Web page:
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U.S. Border Officials Often Profile Us When Traveling — And It's Not Making Anyone Safer

Officials are wasting time repeatedly stopping innocent people. A thorough review of clearly ineffective U.S. counter-terrorism and immigration policies seems long overdue.
 
 
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With clockwork regularity since moving to the states from the UK soon after 9/11, whenever my family travels and returns to our adopted home, my husband is ominously asked to "step aside". His passport is then withheld for further "security checks" because we have been informed by the State Department that his name is similar to one on an American terrorist watch list.

It happened again a month ago. My husband, a consultant respirologist, and I were traveling with our three young children on a trip from Canada. We were taken to a cordoned off section of the Chicago airport where at least 100 mostly Muslim looking men (of South Asian/Arab appearance, many with beards) were all crammed together with no seats to spare. We learned a Jordanian flight had arrived before us.

While the children and I were cleared by immigration, we could hardly leave without my husband, so we slumped nearby on the floor and on a baggage trolley as we waited for his clearance. This normally takes up to an hour, but after half an hour something unprecedented occurred – a short bewildered looking man, Caucasian and sporting a neat white beard, approached the group.

I watched as his face slowly grew crimson with fury on realizing where he was heading. With no time to spare, immigration officials were summoned – including a supervisor. The man identified himself as an American who was returning home from his "holy land" and made it clear he "wished to leave immediately" as he "didn't fit the profile". Again, he insisted there had "been some mistake, you know perfectly well I don't fit the profile". There followed an imperious order to return his passport as his limo was waiting for him outside, as was his wife at home.

I was able to witness these exchanges at close hand. However, I turned from observer to participant when he made the following comment: "C'mon guys, do I look like a terrorist?" My outrage was boundless:

Excuse me – that's my husband over there. He's a physician who spends every working day healing the sick and trying to save lives. Does he look like a terrorist? Clearly this is your first time being stopped, but he's been going through this for over a decade.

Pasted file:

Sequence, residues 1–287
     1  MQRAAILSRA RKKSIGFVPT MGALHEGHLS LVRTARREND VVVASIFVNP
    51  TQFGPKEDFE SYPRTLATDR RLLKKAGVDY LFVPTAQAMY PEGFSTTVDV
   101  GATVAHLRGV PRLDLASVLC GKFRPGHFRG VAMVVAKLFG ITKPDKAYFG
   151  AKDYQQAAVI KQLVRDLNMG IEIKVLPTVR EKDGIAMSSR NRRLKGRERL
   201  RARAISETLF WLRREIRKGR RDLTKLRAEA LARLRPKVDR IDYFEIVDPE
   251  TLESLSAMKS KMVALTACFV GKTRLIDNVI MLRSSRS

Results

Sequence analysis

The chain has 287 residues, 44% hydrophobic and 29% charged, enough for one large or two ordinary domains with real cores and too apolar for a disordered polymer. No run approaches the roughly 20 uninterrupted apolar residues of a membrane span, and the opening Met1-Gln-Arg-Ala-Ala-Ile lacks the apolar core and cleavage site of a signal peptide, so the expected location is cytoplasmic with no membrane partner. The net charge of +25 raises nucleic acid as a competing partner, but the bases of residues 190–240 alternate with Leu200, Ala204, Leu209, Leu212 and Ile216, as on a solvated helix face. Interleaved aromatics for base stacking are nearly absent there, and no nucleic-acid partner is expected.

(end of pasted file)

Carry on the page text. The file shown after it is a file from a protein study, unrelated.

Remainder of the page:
As he stared at me blankly, I added: "Maybe you should see what it feels like to be suspected and targeted when you have done nothing wrong and are instead made to feel like a criminal and a caged animal."

To be fair to him, he had the grace to look a little shame-faced, but only momentarily. He turned back to the officials and demanded a phone as he wanted to speak to his congressman. He was an American citizen, and he had rights … conveniently ignoring the fact that most of the men waiting were also US citizens and green card holders – just the wrong color and creed.

The rest of the men caged in the waiting area became aware that some "white looking man" was causing a stink. Numerous voices were raised in unison – all insisting that he shouldn't bypass the queue and should be dealt with like everyone else. The tension was palpable. I could see that the officials feared the situation could get out of hand. Four or five officers rushed forward and shouted at the men to step back and "settle down". Immediately, the disgruntled Muslim posse was held at bay as hands hovered over holstered guns.

The first time we were targeted was in 2003 at Washington's Dulles International airport. Our friendly banter with an airline official at the check in desk instantly ended when my husband's passport details were entered into the computer. The woman checking us in signaled to a colleague, who without a word swiftly put a cordon (tape) around my husband and I and our son as we stood aghast, feeling like little more than pigs in a pen. It took an hour before he could prove he was not the person in question on the no fly list.

 
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